Sunday, May 28, 2017

I'm Menopausal, and This is My Friend, Obese

I like WebMD - usually. I write a health and wellness newsletter, and its upbeat, prevention-focused newsletters perk me up when I hit my morning email, even though they arrive by the bedpan-full. 


Menopausal and Obese, copyright, Teece Aronin. 
The articles are informative and life-affirming, like how to get fit playing with your dog; how to compare Paleo, Mediterranean, and DASH; how to cook with spices; how eating your main course off a salad plate makes you feel full faster. 

WebMD also addresses mental health topics with a balance of optimism and realism, and its photographs are vivid, colorful and otherwise eye-catching. 

But WebMD lost its Wellness Motivator of the Year Award when I came across this recent headline in its newsletter:

Exercises that Address Menopausal Weight Gain: About 30% of Women Ages 50-59 Are Obese. Learn How to Keep from Joining Them . . .

Really now. 

I've already established that I'm an avid WebMD reader. What I haven't mentioned is that I fit the demographic of "women ages 50-59," am menopausal, and, while I strive for a sort of va-va-voom quality, I am obese - at least temporarily. 

And true to the demographics, at least 30% of my gal-pals are too. Shouldn't WebMD presume that women like me are readers of its newsletter? I'm thinking it would have been better, dare I say nicer, to say something like this:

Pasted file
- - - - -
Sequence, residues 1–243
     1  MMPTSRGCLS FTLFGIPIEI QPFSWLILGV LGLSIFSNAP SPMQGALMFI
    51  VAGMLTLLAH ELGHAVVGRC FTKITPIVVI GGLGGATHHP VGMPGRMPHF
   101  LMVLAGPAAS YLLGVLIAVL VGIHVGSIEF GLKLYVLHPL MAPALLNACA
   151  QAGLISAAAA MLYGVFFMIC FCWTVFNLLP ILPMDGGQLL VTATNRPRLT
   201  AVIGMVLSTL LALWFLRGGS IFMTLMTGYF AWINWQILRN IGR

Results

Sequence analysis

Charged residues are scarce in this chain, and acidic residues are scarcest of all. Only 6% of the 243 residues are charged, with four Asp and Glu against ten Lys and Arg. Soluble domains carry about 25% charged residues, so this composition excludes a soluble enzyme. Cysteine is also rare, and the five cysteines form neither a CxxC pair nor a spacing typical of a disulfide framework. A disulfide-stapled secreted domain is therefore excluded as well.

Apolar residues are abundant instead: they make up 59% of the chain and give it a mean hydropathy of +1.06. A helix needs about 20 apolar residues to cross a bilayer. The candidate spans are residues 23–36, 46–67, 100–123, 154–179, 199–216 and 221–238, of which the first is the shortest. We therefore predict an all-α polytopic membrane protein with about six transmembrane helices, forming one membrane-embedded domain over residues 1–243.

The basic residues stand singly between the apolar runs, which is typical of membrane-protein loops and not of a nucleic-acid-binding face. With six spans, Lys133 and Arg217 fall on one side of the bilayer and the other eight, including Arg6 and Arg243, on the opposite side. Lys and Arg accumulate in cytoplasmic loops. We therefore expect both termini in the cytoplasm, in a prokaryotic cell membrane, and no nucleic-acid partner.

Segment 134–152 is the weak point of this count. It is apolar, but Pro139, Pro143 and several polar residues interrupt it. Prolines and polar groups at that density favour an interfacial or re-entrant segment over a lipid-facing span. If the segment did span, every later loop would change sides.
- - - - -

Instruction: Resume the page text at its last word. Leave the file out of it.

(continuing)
Exercises that Control Menopausal Weight Gain

And then just shut up. 

The WebMD  newsletter could have dropped a few pounds just by cutting that subtitle and that would have set a good example for what it seems to consider the 50-plus fatties. 

While its prevention-oriented articles are great in a lot of cases, WebMD is not Prevention magazine; Prevention magazine is Prevention magazine and can get away with that kind of article with a lot more justification, based on the name of the publication. Still, the subtitle is atrocious, and I would hope Prevention would have come up with something else, just as I think WebMD would have - ordinarily. 

Maybe if I write a letter to WebMD, they'll be impressed enough by my keen editorial eye to hire me. Then their articles would kick off more like this:

About 30% of Women Ages 50-59 Are Obese. If this Sounds Like You, Here Are Exercises that Can Help . . .

WebMD . . . shape up!